170506 – Wind!

Day: 013
Date: Saturday, 6 May 2017
Start: Campsite by small creek near Mile 194, 6340 ft
Finish: Campsite in Whitewater Preserve near Mile 219, 2208 ft
Daily Miles: 24.7 PCT, 0.6 to Whitewater Preserve
Total PCT Miles: 218.6
Weather: Partly sunny, mild and extremely windy
Accommodation: Tent in Whitewater Preserve Picnic Area
Nutrition:
Breakfast: Muesli
Lunch: Gorp
Dinner: Rehydrated chicken and pasta
Aches: Very tired legs and feet
Highlight: The extremely windy conditions made the day memorable, because they were as strong as I have experienced in the outdoors and added another dimension to the day’s hiking experience.
Lowlight: Literally being blown off the switch-backing trail by a sudden powerful gust of wind. At the moment it happened, and I began crashing down the steep crumbling slope, I thought this is going to end very badly. However, after about five huge bounds during which I managed to stay upright, I landed on the trail below unharmed, but very shaken up.
Pictures: Click here 

Map: Click here for Google Map
Journal:

It didn’t rain overnight, but it was definitely a bit cooler than usual when I started hiking soon after 6:30am. The trail continued its descent down from San Jacinto Mountain, and dropped about 5000 ft over the next 12 miles. The scenery was spectacular, but the legs and feet were taking a hammering. Spread out below was the valley of the San Gorgonio River (dry) with vast wind farms and a major freeway and rail line. It seemed to take forever to get there on the switch-backing trail and as we neared the bottom the intensity of the wind swirling through the valley grew immensely. I was hiking near a number of trail friends, and we were all having trouble staying upright, which was particularly dangerous given the steep-sided trail.

Presumably it is always a windy place, given the number of wind farms, but a cold front was also clearly impacting the weather, with huge clouds building to the west and then dissipating as they hit the warmer drier air of the desert.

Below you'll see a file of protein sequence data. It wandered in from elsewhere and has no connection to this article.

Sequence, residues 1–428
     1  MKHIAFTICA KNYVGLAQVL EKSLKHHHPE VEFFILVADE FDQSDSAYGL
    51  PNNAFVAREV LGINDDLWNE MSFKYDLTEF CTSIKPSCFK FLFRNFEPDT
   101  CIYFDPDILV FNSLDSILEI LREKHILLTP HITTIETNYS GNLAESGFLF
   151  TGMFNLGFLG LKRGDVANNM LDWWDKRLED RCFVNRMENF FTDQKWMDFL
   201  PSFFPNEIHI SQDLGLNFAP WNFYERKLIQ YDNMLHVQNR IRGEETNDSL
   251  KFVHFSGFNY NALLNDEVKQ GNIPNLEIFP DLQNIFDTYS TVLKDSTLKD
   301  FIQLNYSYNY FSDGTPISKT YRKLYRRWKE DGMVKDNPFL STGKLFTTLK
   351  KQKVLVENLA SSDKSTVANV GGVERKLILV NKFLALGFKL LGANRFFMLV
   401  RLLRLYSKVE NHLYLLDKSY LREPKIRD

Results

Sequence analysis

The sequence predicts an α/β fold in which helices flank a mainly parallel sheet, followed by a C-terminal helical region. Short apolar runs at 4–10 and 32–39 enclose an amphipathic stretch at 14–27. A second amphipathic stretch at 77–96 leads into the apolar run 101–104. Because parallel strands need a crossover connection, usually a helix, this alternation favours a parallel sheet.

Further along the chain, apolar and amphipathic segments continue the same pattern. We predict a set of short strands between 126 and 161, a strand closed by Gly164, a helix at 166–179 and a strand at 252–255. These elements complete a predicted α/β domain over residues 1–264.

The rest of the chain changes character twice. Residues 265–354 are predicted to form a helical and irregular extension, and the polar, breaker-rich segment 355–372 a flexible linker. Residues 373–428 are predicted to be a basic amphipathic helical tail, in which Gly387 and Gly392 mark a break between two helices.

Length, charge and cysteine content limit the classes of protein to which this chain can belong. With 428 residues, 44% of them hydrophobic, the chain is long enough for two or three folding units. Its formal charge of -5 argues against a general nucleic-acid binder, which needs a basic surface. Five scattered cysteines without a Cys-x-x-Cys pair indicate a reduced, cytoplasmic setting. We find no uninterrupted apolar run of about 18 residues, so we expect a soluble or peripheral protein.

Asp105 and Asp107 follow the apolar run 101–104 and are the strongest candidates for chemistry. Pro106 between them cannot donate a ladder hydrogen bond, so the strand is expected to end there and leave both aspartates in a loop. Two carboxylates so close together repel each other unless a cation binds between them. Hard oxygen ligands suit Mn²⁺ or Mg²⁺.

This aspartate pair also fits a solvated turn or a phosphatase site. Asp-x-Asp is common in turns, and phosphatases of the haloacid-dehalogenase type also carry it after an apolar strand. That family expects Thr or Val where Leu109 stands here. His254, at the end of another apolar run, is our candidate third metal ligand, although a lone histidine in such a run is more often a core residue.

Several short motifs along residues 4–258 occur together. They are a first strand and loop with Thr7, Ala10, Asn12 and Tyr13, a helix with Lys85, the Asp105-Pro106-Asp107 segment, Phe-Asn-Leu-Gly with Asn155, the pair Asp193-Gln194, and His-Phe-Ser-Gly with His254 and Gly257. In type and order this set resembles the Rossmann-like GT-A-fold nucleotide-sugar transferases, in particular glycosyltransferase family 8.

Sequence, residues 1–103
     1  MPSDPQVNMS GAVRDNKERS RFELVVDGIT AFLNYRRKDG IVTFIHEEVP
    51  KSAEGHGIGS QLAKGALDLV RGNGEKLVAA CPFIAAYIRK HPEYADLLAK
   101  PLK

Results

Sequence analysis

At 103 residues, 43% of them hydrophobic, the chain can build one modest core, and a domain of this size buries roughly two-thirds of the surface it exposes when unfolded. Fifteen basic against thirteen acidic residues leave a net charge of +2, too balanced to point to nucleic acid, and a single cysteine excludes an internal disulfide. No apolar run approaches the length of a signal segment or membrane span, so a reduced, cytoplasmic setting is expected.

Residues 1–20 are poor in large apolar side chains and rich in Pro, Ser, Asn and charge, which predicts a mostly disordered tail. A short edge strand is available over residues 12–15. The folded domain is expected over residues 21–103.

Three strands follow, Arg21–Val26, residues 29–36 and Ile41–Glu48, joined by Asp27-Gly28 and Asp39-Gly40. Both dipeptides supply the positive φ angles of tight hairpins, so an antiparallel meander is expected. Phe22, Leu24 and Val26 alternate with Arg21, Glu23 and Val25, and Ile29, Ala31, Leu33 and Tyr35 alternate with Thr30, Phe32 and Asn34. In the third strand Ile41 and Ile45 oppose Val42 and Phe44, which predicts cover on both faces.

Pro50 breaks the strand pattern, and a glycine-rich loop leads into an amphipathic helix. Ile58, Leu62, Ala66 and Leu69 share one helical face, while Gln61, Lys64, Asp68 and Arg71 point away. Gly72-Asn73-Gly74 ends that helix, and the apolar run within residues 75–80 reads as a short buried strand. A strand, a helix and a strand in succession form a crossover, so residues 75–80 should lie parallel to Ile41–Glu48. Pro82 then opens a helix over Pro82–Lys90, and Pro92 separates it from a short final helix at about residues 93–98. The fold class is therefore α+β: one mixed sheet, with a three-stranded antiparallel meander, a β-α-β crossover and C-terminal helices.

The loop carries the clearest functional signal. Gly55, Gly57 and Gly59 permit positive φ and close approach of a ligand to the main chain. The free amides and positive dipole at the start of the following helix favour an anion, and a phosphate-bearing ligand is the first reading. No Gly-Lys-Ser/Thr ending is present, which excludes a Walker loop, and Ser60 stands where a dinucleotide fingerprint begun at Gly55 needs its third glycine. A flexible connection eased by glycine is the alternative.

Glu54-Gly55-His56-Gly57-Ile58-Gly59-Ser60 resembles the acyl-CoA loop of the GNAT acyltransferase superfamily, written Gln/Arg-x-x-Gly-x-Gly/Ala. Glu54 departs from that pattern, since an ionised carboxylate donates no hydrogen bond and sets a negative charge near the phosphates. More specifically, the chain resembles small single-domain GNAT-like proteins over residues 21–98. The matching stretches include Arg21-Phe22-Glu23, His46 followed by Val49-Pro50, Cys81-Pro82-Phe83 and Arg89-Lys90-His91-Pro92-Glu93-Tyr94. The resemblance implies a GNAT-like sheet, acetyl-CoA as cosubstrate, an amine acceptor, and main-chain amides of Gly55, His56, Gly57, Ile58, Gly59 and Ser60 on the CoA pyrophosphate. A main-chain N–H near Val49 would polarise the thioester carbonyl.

Once on the valley floor, Octane and I set out for the crossing under the I10 Freeway, four miles away, where there was rumoured to be “trail magic” (goodies provided by volunteers for PCT hikers). The headwind was intense, picking up the dust from the parched river valley and sandblasting our faces as we struggled to make forward progress. It was a dour 90 minutes with me leading, struggling to follow the trail, conversation impossible and shelter non-existent. When we reached the gloomy dry river underpass, we found half a dozen PCT hikers recovering from the experience, and savouring the cold drinks left by a trail angel. While we enjoyed the drinks and some snacks, other hikers arrived, similarly shell-shocked from the experience.

By this time it was early afternoon, and Octane and I decided to head for Whitewater Preserve for the night in the absence of any nearer viable alternatives, even though it was another nine miles away. As we climbed out of the valley, the wind didn’t seem quite so bad and we stopped for a drink of water left out for hikers by one of the windfarm companies, before starting on the remaining six miles. There followed more climbing, steep trails and swirling powerful winds, which blew me off the trail at one point. We finally descended to the awesome Whitewater River valley, surrounded by imposing rocky mountains and reached the Preserve, an oasis-like area in the dry and treeless landscape.
It was cold and occasionally drizzling, and we set up camp, had dinner and got into bed as quickly as we could, hoping for calmer and dry conditions in the morning.

This entry was posted in Uncategorized. Bookmark the permalink.

Leave a Reply

Fill in your details below or click an icon to log in:

WordPress.com Logo

You are commenting using your WordPress.com account. Log Out /  Change )

Google+ photo

You are commenting using your Google+ account. Log Out /  Change )

Twitter picture

You are commenting using your Twitter account. Log Out /  Change )

Facebook photo

You are commenting using your Facebook account. Log Out /  Change )

Connecting to %s